The question as always is whether this translates into real potential for wider public support for NGOs. As in many other emerging market countries, distrust of NGOs is a recurring theme, seen as one of the main barriers to the development of philanthropy, including middle-class giving and crowdfunding. Indian NGO CRY has been fundraising since 1979, the first Indian NGO to do so on a mass scale, which shows it can be done. Thirty-eight years later 80-90 per cent of CRY’s income comes from small individual donations. Even so, donations are mostly one-off, with only a small amount of regular monthly donations. They are using direct mail, face-to-face fundraising, telephone and online – though ‘online is still minuscule; it has to grow’, says Puja Marwaha of CRY. The average donor gives 3,500 rupees over the year – ‘the price of a meal for two in Mumbai’.

Unfortunately Indian NGOs face what seems like unfair competition. Since 2009 the big international NGOs have been fundraising in India with great success. ‘Our income is shrinking because of competition from INGOs,’ says Marwaha. ‘These big INGOs can put in money for ten years while they build their brand, while we have no other source of income.’ This account is echoed by Amitabh Behar of National Foundation for India. ‘INGOs have deep pockets,’ he says, ‘and the experience to enable them to do it [fundraise] – unlike the Dalit Foundation, for example.’

Online giving also holds out potential. Venkat Krishnan says crowdfunding is doing ‘extremely well’, though money raised is often for individual needs, individual cases and projects. But ‘the potential is far higher than what is actually happening today’, says Krishnan. GlobalGiving recently entered a partnership with Indian crowdfunding website ImpactGuru to test if local NGOs would use a local platform to engage with donors. Results showed ImpactGuru is a potential partner and there is an appetite to use platforms, says GlobalGiving’s John Hecklinger. But all agree that growth will be slow.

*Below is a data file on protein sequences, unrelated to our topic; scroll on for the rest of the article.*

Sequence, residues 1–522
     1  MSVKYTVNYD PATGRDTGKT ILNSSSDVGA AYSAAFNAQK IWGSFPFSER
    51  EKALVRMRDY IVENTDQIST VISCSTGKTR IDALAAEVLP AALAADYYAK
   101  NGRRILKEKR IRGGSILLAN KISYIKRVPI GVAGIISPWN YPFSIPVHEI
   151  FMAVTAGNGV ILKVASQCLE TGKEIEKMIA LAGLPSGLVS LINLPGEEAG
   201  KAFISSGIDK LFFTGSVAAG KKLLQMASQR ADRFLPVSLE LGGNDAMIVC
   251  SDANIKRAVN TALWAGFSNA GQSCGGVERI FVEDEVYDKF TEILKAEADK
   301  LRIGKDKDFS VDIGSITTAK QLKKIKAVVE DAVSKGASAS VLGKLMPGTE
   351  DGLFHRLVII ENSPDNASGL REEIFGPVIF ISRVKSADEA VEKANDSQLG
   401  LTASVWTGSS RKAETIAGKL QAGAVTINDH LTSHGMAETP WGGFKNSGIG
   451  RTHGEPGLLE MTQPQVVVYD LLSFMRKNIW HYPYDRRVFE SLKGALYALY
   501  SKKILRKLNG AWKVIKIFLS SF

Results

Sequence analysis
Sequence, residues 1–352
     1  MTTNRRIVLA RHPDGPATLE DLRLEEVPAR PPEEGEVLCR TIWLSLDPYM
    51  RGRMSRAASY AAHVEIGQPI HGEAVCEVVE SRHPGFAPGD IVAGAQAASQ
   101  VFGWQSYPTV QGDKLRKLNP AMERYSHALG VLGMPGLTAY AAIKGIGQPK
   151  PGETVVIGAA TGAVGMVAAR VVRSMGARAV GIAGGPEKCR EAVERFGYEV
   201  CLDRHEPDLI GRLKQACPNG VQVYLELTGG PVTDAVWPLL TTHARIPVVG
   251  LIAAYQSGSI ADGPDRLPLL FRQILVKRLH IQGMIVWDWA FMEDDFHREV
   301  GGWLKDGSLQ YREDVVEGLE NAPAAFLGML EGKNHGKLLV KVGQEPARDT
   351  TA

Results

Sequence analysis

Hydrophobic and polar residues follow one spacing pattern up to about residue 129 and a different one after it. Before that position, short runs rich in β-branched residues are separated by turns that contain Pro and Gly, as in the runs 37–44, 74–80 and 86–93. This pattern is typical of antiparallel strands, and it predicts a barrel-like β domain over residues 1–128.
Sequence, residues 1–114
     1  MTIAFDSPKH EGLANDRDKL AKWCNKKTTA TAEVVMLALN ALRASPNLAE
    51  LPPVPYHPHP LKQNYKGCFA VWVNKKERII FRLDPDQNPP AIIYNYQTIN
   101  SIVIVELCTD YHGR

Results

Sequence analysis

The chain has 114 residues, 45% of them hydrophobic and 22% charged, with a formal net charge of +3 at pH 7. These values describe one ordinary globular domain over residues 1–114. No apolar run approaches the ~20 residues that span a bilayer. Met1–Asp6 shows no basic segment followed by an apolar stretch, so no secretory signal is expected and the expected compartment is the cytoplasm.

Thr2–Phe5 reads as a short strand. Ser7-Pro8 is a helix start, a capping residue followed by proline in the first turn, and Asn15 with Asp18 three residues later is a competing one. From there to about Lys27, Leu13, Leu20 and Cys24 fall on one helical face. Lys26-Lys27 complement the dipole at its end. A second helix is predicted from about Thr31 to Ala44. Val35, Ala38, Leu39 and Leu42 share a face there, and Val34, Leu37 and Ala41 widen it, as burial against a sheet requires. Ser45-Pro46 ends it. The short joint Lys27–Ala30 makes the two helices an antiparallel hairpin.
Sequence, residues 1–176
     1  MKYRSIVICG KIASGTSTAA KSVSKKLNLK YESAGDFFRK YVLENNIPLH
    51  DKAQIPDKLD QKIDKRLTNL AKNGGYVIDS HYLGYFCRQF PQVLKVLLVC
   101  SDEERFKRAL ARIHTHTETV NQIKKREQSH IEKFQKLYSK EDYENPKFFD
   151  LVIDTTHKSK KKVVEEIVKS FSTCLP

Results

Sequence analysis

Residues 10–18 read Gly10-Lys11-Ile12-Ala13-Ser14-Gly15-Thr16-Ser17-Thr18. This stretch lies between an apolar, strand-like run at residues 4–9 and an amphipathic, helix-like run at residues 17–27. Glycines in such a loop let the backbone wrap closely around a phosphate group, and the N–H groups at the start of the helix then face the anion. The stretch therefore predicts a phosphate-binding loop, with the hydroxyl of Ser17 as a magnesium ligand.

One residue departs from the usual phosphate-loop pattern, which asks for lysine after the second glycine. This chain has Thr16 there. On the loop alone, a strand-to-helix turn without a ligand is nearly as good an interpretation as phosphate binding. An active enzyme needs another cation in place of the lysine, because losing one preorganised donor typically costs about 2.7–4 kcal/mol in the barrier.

Is there potential for funding more complex social issues such as poverty, violence and human rights?

Millions are giving and volunteering as part of DaanUtsav, ‘but informal giving is something people do, and they may just want to do more and more of it’, says Krishnan. In the long run, however, he sees empathy for poor and disadvantaged people, developed through DaanUtsav, as ‘an important way to achieve greater justice. Gandhi wanted the British to leave India but he didn’t want the British to hate us, or see us as enemies; he wanted them to recognize the situation was wrong and it was right to leave.’ He also instances the India Against Corruption movement as ‘a massively successful crowdfunding campaign for a governance issue’. 

‘Self-funded movements’ are a longstanding phenomenon in India – temporary movements to fight a particular issue as when a village is in danger of being displaced by a large industrial project or a dam, financially supported by those affected without recourse to outside sources of funding. Again, this seems to show at least the potential for public funding for more permanent NGOs working for social change.

To find out more about the study, go to the Philanthropy for Social Justice and Peace breakfast session at next week’s WINGS Forum.

Caroline Hartnell is a consultant for Philanthropy for Social Justice and Peace and for Alliance magazine. Email